The treatment of other unvested stock-based awards and awards that may be settled in cash or stock in situations other than a change in control, is as follows:

 

Award        Voluntary
    Termination    
  Involuntary
Termination
With Cause
  Involuntary
Termination
Without Cause
          Retirement           Death or
        Disability        
         
Performance Shares (Long-Term Plan)  

2015 Award;

2016 Award for NEOs that do not meet age and service requirements

  Forfeited   Forfeited   Forfeited  

Prorated until date of retirement, with actual payment dependent upon the achievement

of performance goals

  Restrictions lapse
  2016 Award for NEOs that are at least age 55 with 10 years of continuous service   Prorated until date of separation     Prorated until date of separation    
             
Restricted Stock
Units (RSUs)
(Long-Term Plan)
 

2015 Award;

2016 Award for NEOs that do not meet age and service requirements

  Forfeited   Forfeited   Forfeited   Forfeited   Restrictions lapse
  2016 Award for NEOs that are at least age 55 with 10 years of continuous service   Prorated until date of separation     Prorated until date of separation   Prorated until date of retirement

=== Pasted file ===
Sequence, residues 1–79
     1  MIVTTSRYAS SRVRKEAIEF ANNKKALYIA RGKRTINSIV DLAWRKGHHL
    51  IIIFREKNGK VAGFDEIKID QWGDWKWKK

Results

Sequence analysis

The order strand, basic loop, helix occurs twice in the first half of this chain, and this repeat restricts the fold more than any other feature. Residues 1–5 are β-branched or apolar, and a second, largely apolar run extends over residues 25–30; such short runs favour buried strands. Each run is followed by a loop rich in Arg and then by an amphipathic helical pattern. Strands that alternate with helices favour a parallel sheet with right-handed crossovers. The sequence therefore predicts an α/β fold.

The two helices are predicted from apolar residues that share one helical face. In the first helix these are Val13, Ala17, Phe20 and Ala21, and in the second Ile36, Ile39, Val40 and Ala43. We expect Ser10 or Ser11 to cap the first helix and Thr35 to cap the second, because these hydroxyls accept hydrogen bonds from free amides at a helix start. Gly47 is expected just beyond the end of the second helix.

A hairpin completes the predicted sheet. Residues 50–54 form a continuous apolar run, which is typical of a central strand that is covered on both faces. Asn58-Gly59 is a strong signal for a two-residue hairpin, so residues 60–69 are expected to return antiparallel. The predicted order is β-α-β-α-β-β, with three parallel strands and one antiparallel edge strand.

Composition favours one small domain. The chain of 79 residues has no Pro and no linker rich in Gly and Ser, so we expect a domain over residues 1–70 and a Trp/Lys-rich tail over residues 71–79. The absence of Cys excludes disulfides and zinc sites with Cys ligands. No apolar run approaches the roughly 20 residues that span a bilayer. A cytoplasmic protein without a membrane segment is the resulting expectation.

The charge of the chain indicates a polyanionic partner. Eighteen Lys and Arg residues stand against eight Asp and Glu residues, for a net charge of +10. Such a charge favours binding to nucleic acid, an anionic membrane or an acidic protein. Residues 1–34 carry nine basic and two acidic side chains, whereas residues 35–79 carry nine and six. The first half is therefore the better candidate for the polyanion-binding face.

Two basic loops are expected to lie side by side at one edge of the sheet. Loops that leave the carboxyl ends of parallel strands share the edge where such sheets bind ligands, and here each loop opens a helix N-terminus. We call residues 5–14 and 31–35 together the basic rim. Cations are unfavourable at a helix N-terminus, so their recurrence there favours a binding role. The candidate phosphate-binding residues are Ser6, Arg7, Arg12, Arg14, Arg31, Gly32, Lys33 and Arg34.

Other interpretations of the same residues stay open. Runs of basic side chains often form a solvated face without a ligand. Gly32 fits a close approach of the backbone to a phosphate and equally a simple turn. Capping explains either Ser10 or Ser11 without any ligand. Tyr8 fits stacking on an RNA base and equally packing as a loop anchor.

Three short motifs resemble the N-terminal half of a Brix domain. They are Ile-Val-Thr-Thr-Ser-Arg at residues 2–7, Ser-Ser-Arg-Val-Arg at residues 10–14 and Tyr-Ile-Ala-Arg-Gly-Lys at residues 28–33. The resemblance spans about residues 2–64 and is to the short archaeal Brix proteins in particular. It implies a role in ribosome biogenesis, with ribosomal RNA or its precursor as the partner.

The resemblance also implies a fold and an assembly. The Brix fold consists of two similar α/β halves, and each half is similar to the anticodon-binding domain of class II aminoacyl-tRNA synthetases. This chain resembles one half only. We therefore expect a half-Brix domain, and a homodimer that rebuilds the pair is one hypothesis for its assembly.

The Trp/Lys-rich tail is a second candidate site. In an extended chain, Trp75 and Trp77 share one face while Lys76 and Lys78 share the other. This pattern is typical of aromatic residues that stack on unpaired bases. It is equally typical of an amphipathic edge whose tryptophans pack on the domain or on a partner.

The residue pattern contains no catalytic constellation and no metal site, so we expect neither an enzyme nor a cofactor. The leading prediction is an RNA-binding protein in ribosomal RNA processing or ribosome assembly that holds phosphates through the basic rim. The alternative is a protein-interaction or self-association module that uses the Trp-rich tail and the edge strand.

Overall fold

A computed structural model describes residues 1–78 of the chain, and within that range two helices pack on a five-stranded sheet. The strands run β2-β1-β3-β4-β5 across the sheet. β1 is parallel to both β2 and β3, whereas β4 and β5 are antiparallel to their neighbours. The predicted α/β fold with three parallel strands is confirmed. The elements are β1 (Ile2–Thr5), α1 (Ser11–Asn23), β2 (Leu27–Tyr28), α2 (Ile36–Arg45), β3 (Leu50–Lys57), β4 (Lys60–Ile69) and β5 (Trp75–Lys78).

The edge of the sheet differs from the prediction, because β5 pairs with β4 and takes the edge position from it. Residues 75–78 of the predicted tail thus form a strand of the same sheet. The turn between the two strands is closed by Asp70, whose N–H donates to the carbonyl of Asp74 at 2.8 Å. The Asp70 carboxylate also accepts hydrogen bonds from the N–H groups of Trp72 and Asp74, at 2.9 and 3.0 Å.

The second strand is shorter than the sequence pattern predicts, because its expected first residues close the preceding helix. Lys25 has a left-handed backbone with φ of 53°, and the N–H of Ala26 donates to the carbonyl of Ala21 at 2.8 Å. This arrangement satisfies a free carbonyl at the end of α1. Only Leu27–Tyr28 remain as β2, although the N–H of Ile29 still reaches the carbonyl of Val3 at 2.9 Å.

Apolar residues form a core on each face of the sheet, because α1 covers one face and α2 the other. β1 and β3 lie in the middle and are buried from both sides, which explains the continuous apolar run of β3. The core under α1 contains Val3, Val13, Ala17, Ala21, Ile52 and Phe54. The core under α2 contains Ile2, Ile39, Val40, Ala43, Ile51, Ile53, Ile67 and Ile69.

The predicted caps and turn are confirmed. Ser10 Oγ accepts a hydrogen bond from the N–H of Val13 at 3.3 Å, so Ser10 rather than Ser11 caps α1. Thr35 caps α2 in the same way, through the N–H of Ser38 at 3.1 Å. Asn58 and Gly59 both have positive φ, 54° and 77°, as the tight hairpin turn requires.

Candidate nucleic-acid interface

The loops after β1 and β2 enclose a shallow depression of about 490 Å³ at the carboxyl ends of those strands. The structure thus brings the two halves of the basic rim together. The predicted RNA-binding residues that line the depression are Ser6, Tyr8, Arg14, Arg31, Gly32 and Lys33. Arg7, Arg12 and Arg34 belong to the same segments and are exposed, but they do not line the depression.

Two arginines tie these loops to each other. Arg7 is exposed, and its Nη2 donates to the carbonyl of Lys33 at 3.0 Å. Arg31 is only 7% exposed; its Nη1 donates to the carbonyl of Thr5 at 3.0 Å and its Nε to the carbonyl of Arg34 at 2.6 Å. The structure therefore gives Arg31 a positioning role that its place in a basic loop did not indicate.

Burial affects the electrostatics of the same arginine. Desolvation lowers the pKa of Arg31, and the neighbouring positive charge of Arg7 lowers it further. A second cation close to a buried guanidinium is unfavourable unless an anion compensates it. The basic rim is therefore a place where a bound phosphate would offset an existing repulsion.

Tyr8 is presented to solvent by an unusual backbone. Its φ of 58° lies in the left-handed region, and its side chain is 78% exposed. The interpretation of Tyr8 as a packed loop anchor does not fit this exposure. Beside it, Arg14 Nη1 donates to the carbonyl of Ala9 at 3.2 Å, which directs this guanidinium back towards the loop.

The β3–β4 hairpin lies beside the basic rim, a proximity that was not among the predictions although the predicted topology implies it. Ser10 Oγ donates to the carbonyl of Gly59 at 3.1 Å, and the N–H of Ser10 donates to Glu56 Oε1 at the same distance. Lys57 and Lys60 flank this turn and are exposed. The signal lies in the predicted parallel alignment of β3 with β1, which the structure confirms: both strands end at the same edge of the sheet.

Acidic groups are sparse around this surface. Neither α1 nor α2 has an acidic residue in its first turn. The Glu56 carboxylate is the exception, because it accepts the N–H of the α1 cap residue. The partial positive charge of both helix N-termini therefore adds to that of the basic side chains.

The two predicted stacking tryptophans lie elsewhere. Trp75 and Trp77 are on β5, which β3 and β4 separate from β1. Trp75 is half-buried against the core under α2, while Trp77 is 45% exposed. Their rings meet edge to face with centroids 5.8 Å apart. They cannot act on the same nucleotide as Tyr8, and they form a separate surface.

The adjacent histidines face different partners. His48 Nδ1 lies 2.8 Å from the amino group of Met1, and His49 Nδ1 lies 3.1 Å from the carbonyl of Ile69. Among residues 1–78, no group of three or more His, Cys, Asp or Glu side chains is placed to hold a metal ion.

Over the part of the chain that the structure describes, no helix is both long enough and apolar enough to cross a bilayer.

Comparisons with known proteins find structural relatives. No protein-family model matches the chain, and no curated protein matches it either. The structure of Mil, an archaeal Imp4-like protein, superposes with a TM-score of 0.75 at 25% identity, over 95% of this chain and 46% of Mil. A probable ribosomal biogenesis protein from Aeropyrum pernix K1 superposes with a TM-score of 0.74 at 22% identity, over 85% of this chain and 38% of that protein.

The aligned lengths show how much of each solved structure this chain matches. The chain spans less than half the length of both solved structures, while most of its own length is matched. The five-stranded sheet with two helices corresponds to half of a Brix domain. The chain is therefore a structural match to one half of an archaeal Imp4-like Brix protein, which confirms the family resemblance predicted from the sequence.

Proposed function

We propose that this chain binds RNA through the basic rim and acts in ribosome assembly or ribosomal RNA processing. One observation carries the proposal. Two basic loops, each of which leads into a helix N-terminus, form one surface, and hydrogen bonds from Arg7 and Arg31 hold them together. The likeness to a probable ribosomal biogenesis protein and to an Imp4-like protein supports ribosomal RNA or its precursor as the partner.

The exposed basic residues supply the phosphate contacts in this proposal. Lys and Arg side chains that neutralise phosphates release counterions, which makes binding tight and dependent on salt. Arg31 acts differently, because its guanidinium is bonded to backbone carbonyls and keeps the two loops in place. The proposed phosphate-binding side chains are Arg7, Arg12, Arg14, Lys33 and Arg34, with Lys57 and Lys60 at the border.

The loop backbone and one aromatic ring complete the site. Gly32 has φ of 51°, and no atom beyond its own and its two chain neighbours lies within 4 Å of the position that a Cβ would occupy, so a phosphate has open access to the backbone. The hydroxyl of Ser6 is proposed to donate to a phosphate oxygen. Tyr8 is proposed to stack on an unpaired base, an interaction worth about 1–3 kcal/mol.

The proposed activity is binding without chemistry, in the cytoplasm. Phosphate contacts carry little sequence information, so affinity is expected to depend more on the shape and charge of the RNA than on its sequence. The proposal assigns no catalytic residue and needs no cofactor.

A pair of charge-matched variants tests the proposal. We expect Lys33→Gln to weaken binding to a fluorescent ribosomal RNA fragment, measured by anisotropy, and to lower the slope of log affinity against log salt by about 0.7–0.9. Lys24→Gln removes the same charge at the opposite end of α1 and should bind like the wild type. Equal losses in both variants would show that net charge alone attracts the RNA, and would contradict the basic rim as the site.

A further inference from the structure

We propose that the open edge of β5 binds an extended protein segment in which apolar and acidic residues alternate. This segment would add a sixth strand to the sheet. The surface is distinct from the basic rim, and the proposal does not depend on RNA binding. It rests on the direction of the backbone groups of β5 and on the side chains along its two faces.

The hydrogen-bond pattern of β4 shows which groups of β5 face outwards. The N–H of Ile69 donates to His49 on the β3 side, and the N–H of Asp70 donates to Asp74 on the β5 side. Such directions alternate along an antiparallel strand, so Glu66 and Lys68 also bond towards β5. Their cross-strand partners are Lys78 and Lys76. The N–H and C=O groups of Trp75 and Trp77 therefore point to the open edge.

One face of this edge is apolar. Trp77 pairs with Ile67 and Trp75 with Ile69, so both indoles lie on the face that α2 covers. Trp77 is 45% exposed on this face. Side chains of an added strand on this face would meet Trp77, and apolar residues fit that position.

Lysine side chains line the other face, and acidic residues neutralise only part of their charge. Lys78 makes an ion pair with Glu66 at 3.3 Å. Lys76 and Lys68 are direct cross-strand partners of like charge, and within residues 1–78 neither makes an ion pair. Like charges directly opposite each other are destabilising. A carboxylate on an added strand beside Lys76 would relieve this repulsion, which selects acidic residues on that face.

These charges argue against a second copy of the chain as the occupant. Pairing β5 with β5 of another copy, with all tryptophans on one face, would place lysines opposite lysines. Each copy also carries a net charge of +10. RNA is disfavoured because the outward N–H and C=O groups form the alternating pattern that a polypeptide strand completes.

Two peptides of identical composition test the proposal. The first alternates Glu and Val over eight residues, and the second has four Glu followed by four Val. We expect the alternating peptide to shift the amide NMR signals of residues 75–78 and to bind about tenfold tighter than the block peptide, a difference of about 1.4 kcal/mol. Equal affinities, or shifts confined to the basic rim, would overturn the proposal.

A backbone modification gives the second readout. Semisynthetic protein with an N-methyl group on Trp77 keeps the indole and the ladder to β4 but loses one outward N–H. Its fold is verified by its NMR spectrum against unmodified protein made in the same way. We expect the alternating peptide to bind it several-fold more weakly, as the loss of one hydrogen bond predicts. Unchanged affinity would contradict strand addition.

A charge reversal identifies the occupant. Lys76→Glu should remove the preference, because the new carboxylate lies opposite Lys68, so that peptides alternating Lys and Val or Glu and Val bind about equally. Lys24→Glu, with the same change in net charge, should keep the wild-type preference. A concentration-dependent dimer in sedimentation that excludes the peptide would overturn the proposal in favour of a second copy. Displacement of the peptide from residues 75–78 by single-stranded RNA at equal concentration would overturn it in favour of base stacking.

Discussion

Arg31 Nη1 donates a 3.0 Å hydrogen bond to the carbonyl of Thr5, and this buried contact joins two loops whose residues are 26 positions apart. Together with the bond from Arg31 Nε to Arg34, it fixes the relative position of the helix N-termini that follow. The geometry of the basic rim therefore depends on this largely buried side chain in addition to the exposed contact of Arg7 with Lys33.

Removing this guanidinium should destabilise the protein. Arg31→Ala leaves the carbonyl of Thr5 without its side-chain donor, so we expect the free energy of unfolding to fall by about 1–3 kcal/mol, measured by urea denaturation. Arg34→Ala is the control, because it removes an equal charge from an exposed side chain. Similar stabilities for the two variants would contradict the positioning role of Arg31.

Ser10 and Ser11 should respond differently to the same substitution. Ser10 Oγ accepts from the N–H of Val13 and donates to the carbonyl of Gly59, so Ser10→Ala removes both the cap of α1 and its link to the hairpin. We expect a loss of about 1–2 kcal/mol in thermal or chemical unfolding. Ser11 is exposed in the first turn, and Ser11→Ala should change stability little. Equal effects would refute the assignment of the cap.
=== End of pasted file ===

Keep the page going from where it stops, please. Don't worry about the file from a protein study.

Retention Units (Long-Term Plan)   2013 Award   Forfeited   Forfeited   Forfeited;
at Board’s discretion, units may vest pro-rata based on completed service
  Forfeited   Vest pro-rata
based on
completed service
             
Restricted Stock (AIP)   All awards   Forfeited   Forfeited   Forfeited   Forfeited   Restrictions lapse

 

2017 Xcel Energy Proxy Statement  |  55

 


Table of Contents

 

    Executive Compensation Tables

 

    

 

Aggregate Termination Payments

This section explains those payments and benefits that are accelerated in various termination-of-employment scenarios.

For purposes of preparing this table, we have assumed that (i) the NEOs were terminated on December 31, 2016, and (ii) that the price of our common stock was $40.70 (the closing price on December 30, 2016). For Ms. Madden, there were no additional payments triggered by her retirement, effective June 30, 2016, other than those previously disclosed and therefore is not included in the table below.

 

  Name   

Termination

upon Change

in Control(1)

($)

   

Voluntary

Termination/

Retirement

($)

   

Involuntary

Termination

with Cause

($)

    

Involuntary

Termination